Well, it is over, as far as the Trump White House is concerned.
Alexis Madrigal and Robinson Meyer recently reported at The Atlantic, America Is Giving Up on the Pandemic (excerpts):
After months of deserted public spaces and empty roads, Americans have returned to the streets. But they have come not for a joyous reopening to celebrate the country’s victory over the coronavirus. Instead, tens of thousands of people have ventured out to protest the killing of George Floyd by police.
Demonstrators have closely gathered all over the country, and in blocks-long crowds in large cities, singing and chanting and demanding justice. Police officers have dealt with them roughly, crowding protesters together, blasting them with lung and eye irritants, and cramming them into paddy wagons and jails.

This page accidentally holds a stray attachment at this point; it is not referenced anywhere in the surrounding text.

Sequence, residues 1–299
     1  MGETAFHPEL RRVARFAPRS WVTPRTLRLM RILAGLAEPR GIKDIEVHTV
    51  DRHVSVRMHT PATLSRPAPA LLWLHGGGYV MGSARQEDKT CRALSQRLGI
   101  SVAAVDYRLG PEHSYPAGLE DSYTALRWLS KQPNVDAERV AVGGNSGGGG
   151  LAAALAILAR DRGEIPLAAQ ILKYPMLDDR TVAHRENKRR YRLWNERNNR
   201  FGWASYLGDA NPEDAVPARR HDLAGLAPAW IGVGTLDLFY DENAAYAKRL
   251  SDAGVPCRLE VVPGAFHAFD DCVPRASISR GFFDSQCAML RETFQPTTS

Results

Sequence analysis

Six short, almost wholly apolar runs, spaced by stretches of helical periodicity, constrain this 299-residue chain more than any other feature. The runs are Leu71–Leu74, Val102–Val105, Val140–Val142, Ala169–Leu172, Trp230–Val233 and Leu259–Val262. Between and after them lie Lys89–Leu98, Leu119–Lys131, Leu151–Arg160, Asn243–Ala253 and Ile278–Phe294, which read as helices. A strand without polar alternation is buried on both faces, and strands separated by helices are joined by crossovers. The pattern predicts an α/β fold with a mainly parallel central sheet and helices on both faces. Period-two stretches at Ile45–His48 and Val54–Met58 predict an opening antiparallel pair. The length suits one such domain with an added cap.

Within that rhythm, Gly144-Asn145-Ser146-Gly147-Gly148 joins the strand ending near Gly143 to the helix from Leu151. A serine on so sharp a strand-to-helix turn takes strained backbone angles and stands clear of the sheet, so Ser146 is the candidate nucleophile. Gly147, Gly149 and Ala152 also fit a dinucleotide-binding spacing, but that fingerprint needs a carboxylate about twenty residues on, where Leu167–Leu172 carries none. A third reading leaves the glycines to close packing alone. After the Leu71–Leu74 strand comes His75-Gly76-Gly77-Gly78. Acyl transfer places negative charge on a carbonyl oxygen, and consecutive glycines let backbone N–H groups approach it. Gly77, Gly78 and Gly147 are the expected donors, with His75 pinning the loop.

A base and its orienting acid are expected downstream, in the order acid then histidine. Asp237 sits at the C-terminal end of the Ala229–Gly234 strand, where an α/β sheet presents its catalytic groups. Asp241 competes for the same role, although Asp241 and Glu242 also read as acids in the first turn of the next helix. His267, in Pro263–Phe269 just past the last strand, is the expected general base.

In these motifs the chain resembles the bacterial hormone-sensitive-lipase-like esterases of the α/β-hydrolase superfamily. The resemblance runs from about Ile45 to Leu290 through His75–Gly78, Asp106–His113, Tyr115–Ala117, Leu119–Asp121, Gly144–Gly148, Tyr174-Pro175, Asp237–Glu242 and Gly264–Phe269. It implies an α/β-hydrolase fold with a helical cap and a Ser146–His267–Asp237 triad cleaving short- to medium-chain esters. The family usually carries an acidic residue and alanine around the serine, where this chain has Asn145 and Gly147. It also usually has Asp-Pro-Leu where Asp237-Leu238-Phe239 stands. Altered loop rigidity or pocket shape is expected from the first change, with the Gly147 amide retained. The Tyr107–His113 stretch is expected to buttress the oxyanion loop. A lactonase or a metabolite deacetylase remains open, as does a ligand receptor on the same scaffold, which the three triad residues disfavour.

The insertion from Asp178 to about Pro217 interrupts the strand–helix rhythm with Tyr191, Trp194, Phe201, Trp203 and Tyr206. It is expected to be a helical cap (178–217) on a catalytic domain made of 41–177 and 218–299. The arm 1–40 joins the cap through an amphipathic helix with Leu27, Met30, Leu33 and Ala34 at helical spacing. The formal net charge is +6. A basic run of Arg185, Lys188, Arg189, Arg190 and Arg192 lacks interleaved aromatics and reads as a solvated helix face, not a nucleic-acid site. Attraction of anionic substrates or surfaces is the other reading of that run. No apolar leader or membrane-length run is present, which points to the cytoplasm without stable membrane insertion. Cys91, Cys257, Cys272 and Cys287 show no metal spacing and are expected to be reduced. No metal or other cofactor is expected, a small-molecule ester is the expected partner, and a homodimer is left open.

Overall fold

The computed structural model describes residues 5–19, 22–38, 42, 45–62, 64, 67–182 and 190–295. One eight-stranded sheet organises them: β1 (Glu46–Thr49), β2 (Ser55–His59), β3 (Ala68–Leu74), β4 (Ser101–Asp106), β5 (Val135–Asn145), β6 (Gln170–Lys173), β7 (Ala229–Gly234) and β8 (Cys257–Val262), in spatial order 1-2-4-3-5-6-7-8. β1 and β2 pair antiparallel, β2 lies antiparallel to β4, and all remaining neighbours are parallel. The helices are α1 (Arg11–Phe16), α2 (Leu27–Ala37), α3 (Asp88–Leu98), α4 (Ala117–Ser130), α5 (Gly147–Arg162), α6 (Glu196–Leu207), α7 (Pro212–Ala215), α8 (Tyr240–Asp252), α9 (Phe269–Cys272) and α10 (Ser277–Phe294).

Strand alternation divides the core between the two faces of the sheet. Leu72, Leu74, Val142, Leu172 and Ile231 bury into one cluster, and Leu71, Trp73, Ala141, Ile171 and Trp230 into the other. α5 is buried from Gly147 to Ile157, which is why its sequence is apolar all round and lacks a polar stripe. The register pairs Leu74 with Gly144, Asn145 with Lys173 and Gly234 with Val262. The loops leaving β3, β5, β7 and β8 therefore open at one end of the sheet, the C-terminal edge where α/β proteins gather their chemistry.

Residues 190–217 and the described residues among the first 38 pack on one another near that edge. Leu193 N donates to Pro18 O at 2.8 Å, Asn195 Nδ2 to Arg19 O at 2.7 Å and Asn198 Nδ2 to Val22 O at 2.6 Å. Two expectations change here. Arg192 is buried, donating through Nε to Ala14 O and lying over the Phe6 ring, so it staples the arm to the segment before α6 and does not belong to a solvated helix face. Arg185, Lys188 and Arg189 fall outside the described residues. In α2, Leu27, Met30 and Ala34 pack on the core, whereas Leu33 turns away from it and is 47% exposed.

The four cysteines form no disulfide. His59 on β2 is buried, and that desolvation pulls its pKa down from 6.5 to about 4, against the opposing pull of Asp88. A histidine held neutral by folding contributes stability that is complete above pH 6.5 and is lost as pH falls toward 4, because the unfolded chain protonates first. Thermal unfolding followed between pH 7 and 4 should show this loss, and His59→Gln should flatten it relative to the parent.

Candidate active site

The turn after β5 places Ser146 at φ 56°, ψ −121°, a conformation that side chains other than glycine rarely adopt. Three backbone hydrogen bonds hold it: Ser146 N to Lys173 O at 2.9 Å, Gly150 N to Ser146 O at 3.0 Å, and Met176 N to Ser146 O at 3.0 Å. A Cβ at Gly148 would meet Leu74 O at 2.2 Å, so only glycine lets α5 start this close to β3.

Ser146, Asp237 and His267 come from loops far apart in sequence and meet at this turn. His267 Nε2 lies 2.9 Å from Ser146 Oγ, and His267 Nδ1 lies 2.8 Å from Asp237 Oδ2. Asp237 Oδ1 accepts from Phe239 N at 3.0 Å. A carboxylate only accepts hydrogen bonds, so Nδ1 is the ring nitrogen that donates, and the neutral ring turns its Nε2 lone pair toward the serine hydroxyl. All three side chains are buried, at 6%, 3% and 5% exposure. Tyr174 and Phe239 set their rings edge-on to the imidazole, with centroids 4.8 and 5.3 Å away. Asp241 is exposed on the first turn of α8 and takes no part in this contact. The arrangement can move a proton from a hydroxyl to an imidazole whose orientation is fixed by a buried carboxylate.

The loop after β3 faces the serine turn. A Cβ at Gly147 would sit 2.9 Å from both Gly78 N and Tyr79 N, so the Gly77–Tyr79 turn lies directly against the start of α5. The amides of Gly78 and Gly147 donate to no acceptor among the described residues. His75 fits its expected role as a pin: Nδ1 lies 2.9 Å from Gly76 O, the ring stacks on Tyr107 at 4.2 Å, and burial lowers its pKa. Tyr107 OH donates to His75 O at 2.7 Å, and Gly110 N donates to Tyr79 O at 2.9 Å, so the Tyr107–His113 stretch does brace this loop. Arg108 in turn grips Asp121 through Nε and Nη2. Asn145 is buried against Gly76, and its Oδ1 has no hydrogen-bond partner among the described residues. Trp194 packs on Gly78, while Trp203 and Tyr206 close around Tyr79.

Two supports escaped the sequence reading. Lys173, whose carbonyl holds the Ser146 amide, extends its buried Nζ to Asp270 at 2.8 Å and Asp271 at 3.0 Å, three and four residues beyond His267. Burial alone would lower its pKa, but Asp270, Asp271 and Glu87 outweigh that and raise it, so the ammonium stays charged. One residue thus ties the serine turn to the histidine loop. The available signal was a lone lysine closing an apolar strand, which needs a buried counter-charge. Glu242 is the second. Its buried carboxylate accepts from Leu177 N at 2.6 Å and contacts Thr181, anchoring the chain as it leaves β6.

There’s no point in denying the obvious: Standing in a crowd for long periods raises the risk of increased transmission of SARS-CoV-2, the virus that causes COVID-19. This particular form of mass, in-person protest—and the corresponding police response—is a “perfect set-up” for transmission of the virus, Anthony Fauci, the director of the National Institute of Allergy and Infectious Diseases, said in a radio interview on Friday. Some police-brutality activists (such as Black Lives Matter Seattle) have issued statements about the risk involved in the protests. Others have organized less risky forms of protests, such as Oakland’s Anti Police-Terror Project’s massive “caravan for justice.”